And I, for one, would like to be the first.

Like a lot of you, I, at first, assumed Arj had booted the woman and baby after a protracted campaign of screaming. So was shocked to hear it happened just ten minutes into the show. Arj kicked that mother out quicker than Paul Currie faced with an audience member the Met Police would describe as ‘openly Jewish’.

As with that occasion, there is an additional, and underreported concern beyond the simple discrimination at play. Arj’s actions is said to have caused multiple audience members to yell at the woman, making an already unpleasant situation worse. I say 'audience members'. I mean ‘men’. Because, obviously. But at least it makes a nice change for the blokes to be shouting ‘Get Your Tits In’ instead of the other way around.

Arj said he did it because of the importance of keeping an audience’s focus, which I understand, but would personally argue that doing a show that’s a little disrupted by a baby, would be a lot easier than doing one in which you’ve pissed off around 50 per cent of the audience by booting out one of their own.

Arj also highlighted that his show is 15+, conveniently missing that age ratings are different to babes-in-arms policies in the theatre. My show is 16+, and therefore I am one better than him. By the way, I really do have to stress mine is a hardline. I’d take a million babies (and a dog!) over having to explain to a teenager what a fleshlight is in front of their parents again…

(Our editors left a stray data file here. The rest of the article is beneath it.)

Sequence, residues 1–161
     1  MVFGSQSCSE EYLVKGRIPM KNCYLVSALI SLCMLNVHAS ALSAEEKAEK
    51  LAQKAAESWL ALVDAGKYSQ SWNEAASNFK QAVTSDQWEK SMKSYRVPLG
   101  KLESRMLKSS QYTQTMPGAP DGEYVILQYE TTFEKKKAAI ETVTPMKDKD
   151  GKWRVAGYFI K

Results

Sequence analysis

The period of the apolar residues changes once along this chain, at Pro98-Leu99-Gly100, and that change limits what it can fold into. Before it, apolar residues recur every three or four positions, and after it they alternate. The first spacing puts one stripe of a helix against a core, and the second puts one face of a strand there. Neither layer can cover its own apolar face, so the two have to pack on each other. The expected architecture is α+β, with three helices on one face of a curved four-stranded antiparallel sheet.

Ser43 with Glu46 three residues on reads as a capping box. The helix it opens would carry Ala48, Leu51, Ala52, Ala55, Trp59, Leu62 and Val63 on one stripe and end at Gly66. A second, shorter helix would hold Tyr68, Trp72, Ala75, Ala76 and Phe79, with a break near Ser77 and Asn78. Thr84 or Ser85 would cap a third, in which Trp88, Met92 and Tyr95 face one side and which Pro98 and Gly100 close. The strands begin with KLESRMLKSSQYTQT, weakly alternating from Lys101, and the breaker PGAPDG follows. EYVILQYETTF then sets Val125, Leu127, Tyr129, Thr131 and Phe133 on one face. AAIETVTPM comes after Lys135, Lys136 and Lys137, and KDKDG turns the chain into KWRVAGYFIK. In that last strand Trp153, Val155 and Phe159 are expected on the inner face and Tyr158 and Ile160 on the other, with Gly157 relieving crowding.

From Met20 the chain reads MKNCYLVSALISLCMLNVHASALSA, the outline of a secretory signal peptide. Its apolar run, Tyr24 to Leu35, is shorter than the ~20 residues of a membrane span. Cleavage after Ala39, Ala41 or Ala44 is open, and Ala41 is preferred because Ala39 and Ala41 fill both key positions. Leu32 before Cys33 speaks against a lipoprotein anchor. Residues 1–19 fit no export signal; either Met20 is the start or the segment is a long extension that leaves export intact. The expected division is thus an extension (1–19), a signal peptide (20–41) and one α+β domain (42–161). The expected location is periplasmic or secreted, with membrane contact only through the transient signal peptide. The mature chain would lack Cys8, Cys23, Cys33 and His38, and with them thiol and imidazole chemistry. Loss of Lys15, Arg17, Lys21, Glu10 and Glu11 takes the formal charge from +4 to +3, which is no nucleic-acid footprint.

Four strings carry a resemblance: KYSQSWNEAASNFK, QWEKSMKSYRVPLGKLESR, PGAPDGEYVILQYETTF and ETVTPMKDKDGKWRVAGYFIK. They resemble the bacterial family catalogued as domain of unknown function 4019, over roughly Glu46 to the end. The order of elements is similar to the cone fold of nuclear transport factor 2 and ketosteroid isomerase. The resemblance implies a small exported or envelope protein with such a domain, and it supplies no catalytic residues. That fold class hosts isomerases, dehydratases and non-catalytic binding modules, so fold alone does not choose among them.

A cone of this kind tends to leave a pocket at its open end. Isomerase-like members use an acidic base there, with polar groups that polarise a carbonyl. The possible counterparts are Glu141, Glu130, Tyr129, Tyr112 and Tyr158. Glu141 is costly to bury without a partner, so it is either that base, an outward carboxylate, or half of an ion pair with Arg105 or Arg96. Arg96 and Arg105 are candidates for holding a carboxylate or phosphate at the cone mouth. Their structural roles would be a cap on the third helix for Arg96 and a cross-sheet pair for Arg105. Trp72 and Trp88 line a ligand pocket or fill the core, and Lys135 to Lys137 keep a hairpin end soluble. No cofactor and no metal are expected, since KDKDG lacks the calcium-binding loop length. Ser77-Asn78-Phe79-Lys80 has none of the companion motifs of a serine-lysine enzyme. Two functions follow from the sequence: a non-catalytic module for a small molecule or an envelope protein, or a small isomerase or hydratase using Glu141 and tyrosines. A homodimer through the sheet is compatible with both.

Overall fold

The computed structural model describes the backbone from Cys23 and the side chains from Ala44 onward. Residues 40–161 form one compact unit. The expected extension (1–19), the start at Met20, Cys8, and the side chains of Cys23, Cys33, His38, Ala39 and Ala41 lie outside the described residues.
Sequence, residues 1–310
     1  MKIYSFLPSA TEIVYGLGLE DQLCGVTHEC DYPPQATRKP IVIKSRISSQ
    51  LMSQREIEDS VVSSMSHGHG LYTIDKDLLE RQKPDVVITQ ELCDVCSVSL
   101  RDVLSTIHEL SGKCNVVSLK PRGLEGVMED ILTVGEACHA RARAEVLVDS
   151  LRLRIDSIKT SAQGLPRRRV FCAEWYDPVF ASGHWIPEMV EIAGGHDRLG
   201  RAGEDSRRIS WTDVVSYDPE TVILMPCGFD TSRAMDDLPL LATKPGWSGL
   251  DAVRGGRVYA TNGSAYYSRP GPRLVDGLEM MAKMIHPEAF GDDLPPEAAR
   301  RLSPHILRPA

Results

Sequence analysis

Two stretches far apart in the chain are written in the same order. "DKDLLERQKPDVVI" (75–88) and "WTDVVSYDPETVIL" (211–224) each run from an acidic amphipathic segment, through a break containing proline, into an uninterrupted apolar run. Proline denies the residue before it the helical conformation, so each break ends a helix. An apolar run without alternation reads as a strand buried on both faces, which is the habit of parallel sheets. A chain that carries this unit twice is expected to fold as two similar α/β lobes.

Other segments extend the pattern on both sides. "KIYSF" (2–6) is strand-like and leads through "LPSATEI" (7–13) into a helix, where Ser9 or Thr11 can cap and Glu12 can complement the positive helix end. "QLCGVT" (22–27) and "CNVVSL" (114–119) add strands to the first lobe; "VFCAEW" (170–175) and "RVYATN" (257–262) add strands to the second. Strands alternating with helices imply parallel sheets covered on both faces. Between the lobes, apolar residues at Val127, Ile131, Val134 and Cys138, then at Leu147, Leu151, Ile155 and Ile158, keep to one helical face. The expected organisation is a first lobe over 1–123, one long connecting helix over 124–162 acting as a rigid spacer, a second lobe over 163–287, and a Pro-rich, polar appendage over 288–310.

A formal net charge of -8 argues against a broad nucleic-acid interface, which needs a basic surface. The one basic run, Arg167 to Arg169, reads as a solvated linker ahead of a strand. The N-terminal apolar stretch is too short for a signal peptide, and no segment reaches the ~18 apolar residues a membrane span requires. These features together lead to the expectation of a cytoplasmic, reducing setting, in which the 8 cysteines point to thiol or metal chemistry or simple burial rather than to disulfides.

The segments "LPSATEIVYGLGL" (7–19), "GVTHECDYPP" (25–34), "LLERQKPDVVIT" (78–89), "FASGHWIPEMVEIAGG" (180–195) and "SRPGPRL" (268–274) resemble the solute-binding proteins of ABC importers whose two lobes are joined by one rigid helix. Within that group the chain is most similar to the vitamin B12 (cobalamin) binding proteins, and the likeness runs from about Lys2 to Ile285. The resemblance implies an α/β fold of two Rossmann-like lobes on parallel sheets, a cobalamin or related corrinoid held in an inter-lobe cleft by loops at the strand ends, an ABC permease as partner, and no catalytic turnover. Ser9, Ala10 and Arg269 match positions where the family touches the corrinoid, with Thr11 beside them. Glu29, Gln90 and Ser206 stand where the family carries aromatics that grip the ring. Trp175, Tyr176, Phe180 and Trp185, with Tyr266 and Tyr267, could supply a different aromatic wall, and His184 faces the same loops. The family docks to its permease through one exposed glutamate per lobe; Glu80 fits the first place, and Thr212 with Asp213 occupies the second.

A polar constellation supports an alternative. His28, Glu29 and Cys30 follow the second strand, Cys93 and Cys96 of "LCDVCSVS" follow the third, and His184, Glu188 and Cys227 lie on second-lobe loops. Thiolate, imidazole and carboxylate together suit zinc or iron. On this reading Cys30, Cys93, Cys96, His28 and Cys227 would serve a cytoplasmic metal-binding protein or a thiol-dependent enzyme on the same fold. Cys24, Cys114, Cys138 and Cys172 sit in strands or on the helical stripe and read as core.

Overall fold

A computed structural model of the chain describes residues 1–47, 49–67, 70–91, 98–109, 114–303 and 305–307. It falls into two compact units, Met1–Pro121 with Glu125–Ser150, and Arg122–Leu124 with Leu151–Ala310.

On the flip side, one of the BEST things about babies is they have no idea what you’re talking about – not dissimilar to when I talk at my wife. But one thing both me and my wife agree on, is that breastfeeding is damn hard, and anyone who’s doing it deserves to be able to do it wherever the hell they want.

One thing Arj didn’t consider, is that no one is more aware of how annoying a baby sounds than their own parent. And I can guarantee that if that baby had made anything more than babbling sounds the parent would have removed themselves quicker than the milk that shot out my wife’s boob the time I jokingly put it near my mouth.

One of my friends came to see me perform with their baby once. (They had the baby, I performed alone…) And the baby was firmly on the breast the whole time. Little bastard didn’t laugh once. 

And so, unlike Arj, I would now like to publicly invite any parent with a new baby to see my new show. And solemnly promise, the only time I'll throw a breastfeeding mother out, is if it’s my own.

•  Dylan Dodds is previewing his new time loop stand-up show GroundDodds Day at festivals across England from next Wednesday before a full run at Just the Tonic at The Mash House at the Edinburgh Fringe. Please confirm with individual venues about their own babes-in-arms policy before booking.

Published: 26 Apr 2024